Evolving Social Media: Are You In or Out?
May 27, 2009
Beyond email and instant messaging, the growing range of social media harnesses the power of the Internet to let people share and discuss personal and professional information with many people at once. Our group discussion brought up questions and elicited opinions as we looked at sites and video clips together to familiarize ourselves with the new social media.
Without a doubt, the evolving universe of social media and social networking is exploding. To many, it's a welcome world of opportunities they are drawn to explore. For others, all the buzz is overwhelming, a bit intimidating, and the benefits are still unclear.
While a good number of attendees indicated they were registered with a professional network site, such as LinkedIn, only a few had taken the plunge to establish an individual social media page on sites such as Facebook—although one member did mention the tide turned for him when he recently got an email from Barbara Boxer inviting her constituents to visit her Facebook page. With regard to Twitter, many wondered how much time would be consumed in these activities, and how they would handle the challenges and distractions of hyper-connectivity.
It is reported that Facebook currently has 200 million active users and is growing by an average of 600,000 users per day. The fastest growing segment of users in the U.S. is women over 55 years of age. The top demographic for Twitter is men aged 45 to 54.
In an online social network that generally brings people together around common interests, the key point is to generate relevant group conversations and build friendly relationships online to share meaningful content. Such group engagement supports the notion that word-of-mouth is more effective because people will trust their friends more than strangers or marketers.
Can these additional channels provide the right opportunities to promote your editorial services, reinforce existing client relationships and engage new clients? Moving forward, it's possible they can. But it's important to note that the approach and tone in social networks are quite different than straightforward self-marketing. Much like walking in to a huge cocktail party, you wouldn't enter the room and start handing out your business card and talking up your services—people would walk the other way. Rather, you might mingle and engage in various conversations, offer your opinion or perspective, and contribute helpful, relevant information, based on your knowledge and expertise, when you feel it would add value to the exchange. Nothing forced, just honest participation. After you establish your credibility and graciousness, others learn to appreciate you, and when people are aware that you are an editor, they may easily think of you when they or someone they know needs a referral for editorial services.
Discussion extended to concerns about personal security and to maintaining some level of privacy. Having your personal information available to strangers, as well as to friends and colleagues, makes some people nervous. In cyberspace, not everyone tells the truth and intentional misrepresentations are common; thus, many are hesitant to expose themselves. And as far as the content you post, the general rule, as usual, is that if you don't want everyone to see it, don't put it on your page. Facebook, for example, owns whatever you post on its site, and the data is theirs forever, even if you've deleted it from your personal page.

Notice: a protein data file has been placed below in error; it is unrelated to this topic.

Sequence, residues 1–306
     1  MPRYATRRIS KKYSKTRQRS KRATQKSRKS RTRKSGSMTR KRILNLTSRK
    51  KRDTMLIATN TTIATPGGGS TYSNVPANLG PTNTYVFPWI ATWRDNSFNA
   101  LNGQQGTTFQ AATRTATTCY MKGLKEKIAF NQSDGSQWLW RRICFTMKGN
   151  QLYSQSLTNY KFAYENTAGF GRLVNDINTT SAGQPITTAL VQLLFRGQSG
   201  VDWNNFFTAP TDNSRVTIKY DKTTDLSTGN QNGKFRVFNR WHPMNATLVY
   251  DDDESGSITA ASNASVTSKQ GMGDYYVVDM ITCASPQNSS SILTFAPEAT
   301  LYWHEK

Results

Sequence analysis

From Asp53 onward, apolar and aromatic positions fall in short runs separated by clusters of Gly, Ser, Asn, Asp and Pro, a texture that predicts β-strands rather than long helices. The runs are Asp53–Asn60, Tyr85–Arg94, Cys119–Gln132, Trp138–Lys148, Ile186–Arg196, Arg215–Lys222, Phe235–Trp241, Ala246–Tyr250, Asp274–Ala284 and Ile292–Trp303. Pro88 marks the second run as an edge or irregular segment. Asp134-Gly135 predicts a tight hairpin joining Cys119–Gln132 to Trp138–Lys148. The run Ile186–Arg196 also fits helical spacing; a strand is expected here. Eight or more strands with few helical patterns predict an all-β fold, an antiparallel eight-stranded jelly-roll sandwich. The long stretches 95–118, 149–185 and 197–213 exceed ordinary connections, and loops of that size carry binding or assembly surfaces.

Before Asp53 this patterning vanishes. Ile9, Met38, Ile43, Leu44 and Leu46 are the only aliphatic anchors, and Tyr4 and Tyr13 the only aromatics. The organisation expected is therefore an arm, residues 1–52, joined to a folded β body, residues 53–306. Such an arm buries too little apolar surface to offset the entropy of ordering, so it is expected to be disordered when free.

In addition to individuals, more and more businesses are setting up a Facebook page, largely to connect with their customers and engage more directly and honestly than ever before. While companies can shape the media experience, it is consumers who control the conversation in candid exchanges. Many businesses see it as a way to gain insights that improve their products and services, to respond to customer issues quickly, and even to drive traffic to their company blog or Web site. Essentially, they are hosting an ongoing focus group that permits them to learn by listening.
Some experts predict Facebook is on its way out (possibly trying to be too many things?) and possibly blogging may be on its way out, to some extent, because Twitter with its 140-character limit for each tweet is being used by many as a mini-blog continuously delivered. Of course, questions were raised about why someone would take the time to tweet to a crowd that he "missed the bus, is running late, but still stopped for coffee"—and perhaps why we would care. But there are some who advocate that such hyper-connectivity has its appropriate applications in life.
As with any tool, how you end up using any of the social media makes all the difference in their value to you. So, before jumping in with both feet, learn the shades of difference between the various social networking options, and take time to consider your strategy: What are your goals? What do you want to achieve? Consider trying one thing at a time, assessing its actual value to you once you have had time to experience it, and then going step-by-step from there, making sure you can integrate each tool comfortably into your life.
Clearly, social media technologies and networking behaviors are part of a social phenomenon that is growing, morphing, and expanding, so there is much to learn. The following are links to a sampling of instructional videos, articles, and glossaries that you may find helpful as you determine your level of interest and participation.
Reference Video Clips
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